Network investment can increase supply and avoid the neccessity to restrict customer access to the network, but it is expensive — thus, there is an incentive for ISPs to find other ways to decrease traffic. In fact, some have pointed out that the greatest benefit of throttling is its ability to “save millions of dollars in capital expansion costs that would [otherwise] be necessary in order to meet growing bandwidth demands.” 344 The CRTC also recognizes that network investment is a superior method of dealing with network congestion, followed by economic measures and, as a last resort, technical measures (e.g. throttling).345

We know from “The Technical Case for Openness” section that traffic growth in Canada has stayed relatively stable. The question is, have Canadian ISPs fully utilized network investment to deal with that stable growth and to stave off potential network congestion? One way to determine if network capacity investment has been reasonably exausted is to examine the network infrastructure capital expenditures both in absolute terms and in relation to revenues, while at the same time comparing both of these measures to patterns found in other comparable nations. We found that Canada’s dominant telecommunications companies and ISPs invest less in network infrastructure compared to other industrialized countries (see Figure Five). Thus, network investment is far from exhausted as a means to deal with Internet congestion and Canada’s falling status in key Internet metrics.

Figure Five

How Much Do Canada's Dominant Telecoms and ISPs Invest in Digital Infrastructure

Almost all OECD countries saw a huge surge in capital investment in their telecommunications networks during the Telecom-Media-Technology (TMT) bubble years (1996-2000), followed by a steep decline until roughly 2003, and a steady rise since. Canada saw a similar pattern, with network investment peaking by 2000-2001 as the telecom and cable companies invested between one-fifth and one-quarter of their total revenues back into the public network, followed by a sharp drop thereafter. The difference between Canada and most other OECD countries, however, is that investment levels have stayed relatively flat throughout most of the last decade, with no significant upward swing in recent years to make-up for the ‘lost years’ following the collapse of the TMT bubble.346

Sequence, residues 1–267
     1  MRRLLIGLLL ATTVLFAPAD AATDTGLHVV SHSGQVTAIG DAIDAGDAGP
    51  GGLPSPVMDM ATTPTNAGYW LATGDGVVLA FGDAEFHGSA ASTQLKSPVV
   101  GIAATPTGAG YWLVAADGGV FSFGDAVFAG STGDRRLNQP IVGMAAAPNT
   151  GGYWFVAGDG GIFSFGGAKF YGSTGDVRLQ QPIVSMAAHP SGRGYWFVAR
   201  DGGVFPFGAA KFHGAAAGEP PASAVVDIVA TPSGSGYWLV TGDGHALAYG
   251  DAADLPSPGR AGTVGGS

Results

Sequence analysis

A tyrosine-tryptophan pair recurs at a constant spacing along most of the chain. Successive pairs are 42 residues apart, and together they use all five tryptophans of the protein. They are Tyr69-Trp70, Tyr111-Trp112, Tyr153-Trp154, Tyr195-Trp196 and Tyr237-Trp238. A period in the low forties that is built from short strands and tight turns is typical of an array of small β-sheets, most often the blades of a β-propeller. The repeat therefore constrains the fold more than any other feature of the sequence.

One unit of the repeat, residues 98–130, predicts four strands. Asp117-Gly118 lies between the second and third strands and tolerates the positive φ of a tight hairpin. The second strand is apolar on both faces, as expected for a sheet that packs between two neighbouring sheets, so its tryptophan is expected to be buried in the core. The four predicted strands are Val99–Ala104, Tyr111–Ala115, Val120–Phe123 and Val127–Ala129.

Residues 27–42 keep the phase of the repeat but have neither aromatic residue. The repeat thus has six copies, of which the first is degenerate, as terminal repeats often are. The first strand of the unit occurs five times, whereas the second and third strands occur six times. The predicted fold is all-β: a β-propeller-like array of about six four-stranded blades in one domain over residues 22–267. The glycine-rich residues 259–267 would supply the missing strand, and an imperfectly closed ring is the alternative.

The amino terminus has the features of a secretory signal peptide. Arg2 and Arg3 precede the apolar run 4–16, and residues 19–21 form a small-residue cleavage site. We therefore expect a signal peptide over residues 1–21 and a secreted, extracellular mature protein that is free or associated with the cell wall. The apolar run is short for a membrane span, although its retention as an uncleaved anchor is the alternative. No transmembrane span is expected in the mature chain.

Since 2001, investment in the telecoms network infrastructure in Canada as a percentage of revenue has hovered between 16 and 20% and consistently lagged behind the OECD average.347 In contrast, the OECD points to cable operator ONO in Spain, with “the highest level of investment relative to revenues in 2007 at 33%” as well as to Telstra (22%), Time Warner Cable (22%), Telenor (21%), and Comcast (20%) as examples of other companies with high levels of investment relative to revenues.348

The same applies with respect to three other conventional measures of investment: as a percentage of gross fixed capital formation (GFCF); per total communication access path; and on a per capita basis. And in each case, the story of the Canadian telecoms industry is the same: a couple of years during which investment exceeds the OECD average, but on average, investment levels that have failed to keep pace with the OECD average in six or seven of the past ten years for which data is available.349